4 = open a new file with a new, arbitrary, name
    Bits 4 to 7: (format component)
      0 = open a binary file for binary access
      1 = open a text file for binary access
      2 = open a text file for text access
    Bit  8: allow writing
    Bit  9: allow random access
    Bit 10: allow shared access
These individual components are now described.

Service component

The service component indicates what to do with the existing contents of the
file. There are five possibilities:
* 0 and 3 open an existing file, leaving the content unchanged. They differ
  only in the setting of the current position (0 = start, 3 = end). If the
  file does not exist, the open fails.
* 1 and 2 will create the file if it does not exist; 1 will fail if the file
  does already exist, while 2 will succeed. After opening, the file will
  be empty (length 0), and so the current position will be at both the start
  and end of the file.
* 4 is equivalent to 1, but with a new file name. The file name passed is
  examined to determine the directory, and a new file is created in that
  directory; the resulting name overwrites the passed name. If the IOOPEN
  keyword is used, the name parameter is replaced by ADDR(qstr), as explained
  in the OPL manual. If the IoOpen system call is used, the name (a cstr) is
  passed in the same way as for other modes, and will be overwritten; there
  should thus be room for 128 bytes.

Format component

There are two kinds of file: text and binary. A text file consists of a
sequence of records, each ending with a newline character, while a binary
file consists of arbitrary data, which is not broken into records.

Each node has its own way of storing text and binary files. On some nodes,
the two types are completely distinct. On others, text files are merely a way
of interpreting binary files. This is the case for the LOC:: and ROM:: nodes.
In either case, a record in a text file is limited to 256 bytes, and may not
contain $0A, $0D, or $1A.

In the LOC:: and ROM:: nodes, a text file obeys the following rules:
* Each of the following sequences marks the end of a record:
    $0A $0D $1A
    $0A $1A
    $0D $0A $1A
    $0D $1A
  In each case, the longest applicable sequence is used. These bytes are not
  part of the record.
* Anything after a $1A byte (including one in a record terminator) is ignored.

The three access modes are used to determine the way the file is processed.
* Mode 0 opens a binary file for binary access.
* Mode 1 opens a text file for binary access.
* Mode 2 opens a text file for text access.
The meaning of each of these is discussed below, under reading and writing.
If a node does not distinguish binary and text files, the contents of the file
are treated in the way described above. If it does distinguish them, the open
will fail if the file has the wrong type.

Other opening flags

If the "writing" flag is not set on opening, all attempts to alter the file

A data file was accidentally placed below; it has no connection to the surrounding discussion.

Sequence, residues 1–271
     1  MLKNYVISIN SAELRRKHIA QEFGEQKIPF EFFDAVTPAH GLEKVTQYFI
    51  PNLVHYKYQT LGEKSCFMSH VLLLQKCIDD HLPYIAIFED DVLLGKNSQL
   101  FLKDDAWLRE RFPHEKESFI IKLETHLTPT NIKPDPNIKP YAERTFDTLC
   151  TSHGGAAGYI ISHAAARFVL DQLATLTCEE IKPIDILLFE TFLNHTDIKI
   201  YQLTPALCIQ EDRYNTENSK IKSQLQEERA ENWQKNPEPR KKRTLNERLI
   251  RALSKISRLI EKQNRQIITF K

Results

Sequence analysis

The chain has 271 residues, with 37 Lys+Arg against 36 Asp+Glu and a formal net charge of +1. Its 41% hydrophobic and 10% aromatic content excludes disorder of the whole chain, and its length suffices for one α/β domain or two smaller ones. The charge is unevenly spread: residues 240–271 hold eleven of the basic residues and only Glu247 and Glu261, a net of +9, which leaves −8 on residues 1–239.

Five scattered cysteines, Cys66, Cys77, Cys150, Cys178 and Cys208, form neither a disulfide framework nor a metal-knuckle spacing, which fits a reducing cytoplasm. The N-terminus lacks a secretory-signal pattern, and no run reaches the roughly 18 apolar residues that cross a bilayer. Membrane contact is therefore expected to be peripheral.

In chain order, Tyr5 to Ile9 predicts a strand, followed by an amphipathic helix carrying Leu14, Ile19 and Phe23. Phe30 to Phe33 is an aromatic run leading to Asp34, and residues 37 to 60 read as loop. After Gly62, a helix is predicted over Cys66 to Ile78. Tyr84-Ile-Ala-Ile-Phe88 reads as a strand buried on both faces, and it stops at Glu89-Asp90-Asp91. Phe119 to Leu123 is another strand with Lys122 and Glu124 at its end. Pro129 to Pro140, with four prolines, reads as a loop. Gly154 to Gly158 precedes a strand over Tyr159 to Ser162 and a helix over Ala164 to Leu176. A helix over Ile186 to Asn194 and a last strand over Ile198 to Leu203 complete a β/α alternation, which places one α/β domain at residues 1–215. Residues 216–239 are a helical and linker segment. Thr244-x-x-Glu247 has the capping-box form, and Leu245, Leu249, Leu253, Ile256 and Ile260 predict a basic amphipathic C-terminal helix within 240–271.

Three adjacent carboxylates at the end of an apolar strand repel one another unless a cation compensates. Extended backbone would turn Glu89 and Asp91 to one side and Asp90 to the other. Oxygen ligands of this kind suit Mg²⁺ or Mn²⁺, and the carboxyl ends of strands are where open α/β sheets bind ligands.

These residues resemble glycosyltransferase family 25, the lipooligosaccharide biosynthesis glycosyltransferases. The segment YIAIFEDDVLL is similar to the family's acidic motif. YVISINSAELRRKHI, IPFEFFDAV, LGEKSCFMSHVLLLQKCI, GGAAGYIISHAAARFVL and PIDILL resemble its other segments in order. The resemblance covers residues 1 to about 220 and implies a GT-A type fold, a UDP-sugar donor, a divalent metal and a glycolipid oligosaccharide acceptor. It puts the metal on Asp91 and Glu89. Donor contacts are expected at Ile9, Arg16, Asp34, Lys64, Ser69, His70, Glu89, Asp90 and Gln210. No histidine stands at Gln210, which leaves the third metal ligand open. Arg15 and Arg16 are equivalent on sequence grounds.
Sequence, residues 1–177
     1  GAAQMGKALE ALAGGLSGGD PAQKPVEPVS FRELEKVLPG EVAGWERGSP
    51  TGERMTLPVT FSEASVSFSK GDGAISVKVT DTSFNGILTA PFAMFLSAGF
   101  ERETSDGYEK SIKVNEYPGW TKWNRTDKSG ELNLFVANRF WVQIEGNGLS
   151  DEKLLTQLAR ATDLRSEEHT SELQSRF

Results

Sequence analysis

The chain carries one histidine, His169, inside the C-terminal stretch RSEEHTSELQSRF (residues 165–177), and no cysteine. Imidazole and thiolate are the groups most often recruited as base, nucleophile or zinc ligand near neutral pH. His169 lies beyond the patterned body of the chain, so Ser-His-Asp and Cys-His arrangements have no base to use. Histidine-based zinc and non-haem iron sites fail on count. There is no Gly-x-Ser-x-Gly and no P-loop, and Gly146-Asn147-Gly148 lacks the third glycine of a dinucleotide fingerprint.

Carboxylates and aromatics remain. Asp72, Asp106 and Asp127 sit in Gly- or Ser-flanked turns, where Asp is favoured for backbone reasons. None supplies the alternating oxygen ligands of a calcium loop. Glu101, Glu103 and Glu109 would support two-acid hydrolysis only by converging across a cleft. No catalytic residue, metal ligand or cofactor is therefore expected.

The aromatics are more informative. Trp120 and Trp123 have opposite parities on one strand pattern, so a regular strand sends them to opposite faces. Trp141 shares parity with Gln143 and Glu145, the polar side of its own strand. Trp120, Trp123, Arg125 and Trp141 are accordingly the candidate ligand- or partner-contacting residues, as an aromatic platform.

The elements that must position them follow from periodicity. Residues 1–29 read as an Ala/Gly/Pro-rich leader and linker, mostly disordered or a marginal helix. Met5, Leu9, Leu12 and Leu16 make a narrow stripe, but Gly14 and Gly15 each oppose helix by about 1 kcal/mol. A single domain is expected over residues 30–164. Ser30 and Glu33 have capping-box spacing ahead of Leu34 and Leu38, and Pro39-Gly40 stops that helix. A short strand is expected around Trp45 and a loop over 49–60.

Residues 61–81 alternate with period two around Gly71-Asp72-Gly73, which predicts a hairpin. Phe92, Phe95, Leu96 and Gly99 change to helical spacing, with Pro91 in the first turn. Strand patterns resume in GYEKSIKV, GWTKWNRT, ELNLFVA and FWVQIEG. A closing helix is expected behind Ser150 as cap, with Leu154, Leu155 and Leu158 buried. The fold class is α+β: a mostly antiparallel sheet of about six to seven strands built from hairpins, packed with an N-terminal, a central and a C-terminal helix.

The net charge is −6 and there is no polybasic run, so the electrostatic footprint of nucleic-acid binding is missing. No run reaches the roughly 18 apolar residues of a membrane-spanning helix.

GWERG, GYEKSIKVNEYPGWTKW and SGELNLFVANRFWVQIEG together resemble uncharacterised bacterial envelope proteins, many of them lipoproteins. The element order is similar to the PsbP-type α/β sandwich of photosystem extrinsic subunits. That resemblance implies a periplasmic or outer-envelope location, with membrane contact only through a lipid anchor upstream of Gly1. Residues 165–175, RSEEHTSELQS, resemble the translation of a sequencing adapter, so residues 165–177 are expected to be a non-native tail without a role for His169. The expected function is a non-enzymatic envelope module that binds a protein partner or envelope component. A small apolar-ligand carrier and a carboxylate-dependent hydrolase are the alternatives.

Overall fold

will fail. This includes files created by the open function.

If the "random access" flag is not set on opening, all attempts to set the
current position (as opposed to altering it by reading and writing) will fail.

If the "shared" flag is not set on opening, the file is locked, and no other
process may open it until this one closes it. If the flag is set, the file
is open for sharing; other processes may also open it for sharing, but none
of the processes may alter to the file.

Reading and writing

When reading or writing a binary file, the requested data is transferred
directly without change. Up to 16k can be read or written with one call. On
a read, the length argument is changed to the actual number of bytes read. The
data is read from or written at the current position, which is moved to the
end of that data.

When reading a text file as binary, the file is treated exactly as if each
record were followed by $0D $0A; partial records can be read into the buffer,
and the remaining portion will be retained until the next read.

When writing a text file as binary, the following sequences of bytes are taken
to mark the end of a record:
    $0A $0D
    $0D $0A
Again, in each case the longest applicable sequence is used, and these bytes
are not written as part of the record.

In all other respects access to a text file as binary behaves the same as
access to a binary file.

When reading a text file as text, exactly one record is read from the file into
the buffer; no explicit end-of-record marker is added. If the record is larger
than the buffer, the trailing data is ignored and error -43 is returned. The
length argument is changed to the number of bytes placed in the buffer. The
record is read from the current position, which is moved to the start of the
next record. Since text records are limited to 256 bytes, no more than that
can ever be read.

When writing a text file as text, the contents of the buffer are written as a
single record at the end of the file, no matter what the current position. The
current position is moved to the end of the file. Records are limited to 256
bytes, and must not contain $0A, $0D, or $1A.

When writing to a flash SSD, there is one special case: if the write is a
single byte, and if every bit of that byte is left unchanged or changes from
1 to 0 [equivalently, if (old AND new) = new], then the byte will be modified
in situ. In all other cases, the old data will remain in place, but the file
structure will be modified to skip it and point to the new data instead.


Seeking in a file is done using IOSEEK. It is reported that mode 4 returns
the position of the current record (which is the record just read) within
a text file (*not* the pointer after the read), and mode 5 allows you to
seek to that position. I have not verified this. @@@@@

Other IO functions

Function:   9
Argument 1: unused
Argument 2: unused

Any buffered data is written to the file, and the file's modification date is
updated if necessary. On the LOC:: node, the only buffering done for binary
files is of the modification date of files on flash. Text files are buffered.

Function:   11
Argument 1: (long) new filesize
Argument 2: unused

If the file is shorter than the specified length, random data is appended to
bring it to that length; the current position is unaltered. If it is longer,
the file is truncated to that length, and the current position is set to the
new end of file.